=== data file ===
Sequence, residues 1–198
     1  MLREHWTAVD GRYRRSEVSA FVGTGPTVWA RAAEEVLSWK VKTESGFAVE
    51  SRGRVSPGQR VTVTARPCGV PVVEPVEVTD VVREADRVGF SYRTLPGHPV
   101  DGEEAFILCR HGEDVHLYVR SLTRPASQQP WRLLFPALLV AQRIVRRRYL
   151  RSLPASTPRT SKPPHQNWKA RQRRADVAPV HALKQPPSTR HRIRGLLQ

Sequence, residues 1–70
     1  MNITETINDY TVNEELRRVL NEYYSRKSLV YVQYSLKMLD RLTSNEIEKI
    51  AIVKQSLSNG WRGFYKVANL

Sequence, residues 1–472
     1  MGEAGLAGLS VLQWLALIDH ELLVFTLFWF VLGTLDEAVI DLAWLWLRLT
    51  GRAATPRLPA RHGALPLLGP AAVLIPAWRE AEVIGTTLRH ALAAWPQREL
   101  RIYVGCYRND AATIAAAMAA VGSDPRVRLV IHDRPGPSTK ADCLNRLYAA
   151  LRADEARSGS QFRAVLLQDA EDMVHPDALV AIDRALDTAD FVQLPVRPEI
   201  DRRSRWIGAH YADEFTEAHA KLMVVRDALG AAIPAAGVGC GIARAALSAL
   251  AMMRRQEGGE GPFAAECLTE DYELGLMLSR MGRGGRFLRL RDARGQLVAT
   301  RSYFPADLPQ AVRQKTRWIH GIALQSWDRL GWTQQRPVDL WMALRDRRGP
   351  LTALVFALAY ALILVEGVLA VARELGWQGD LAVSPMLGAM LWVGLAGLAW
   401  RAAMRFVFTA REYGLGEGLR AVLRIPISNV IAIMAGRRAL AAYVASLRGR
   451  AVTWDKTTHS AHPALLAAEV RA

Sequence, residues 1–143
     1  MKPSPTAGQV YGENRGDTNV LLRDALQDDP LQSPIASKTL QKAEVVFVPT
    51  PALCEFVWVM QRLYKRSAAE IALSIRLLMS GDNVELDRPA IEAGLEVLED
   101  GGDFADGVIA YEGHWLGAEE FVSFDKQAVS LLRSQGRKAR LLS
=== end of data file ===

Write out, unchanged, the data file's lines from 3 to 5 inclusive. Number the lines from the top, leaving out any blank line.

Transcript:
    51  SRGRVSPGQR VTVTARPCGV PVVEPVEVTD VVREADRVGF SYRTLPGHPV
   101  DGEEAFILCR HGEDVHLYVR SLTRPASQQP WRLLFPALLV AQRIVRRRYL
   151  RSLPASTPRT SKPPHQNWKA RQRRADVAPV HALKQPPSTR HRIRGLLQ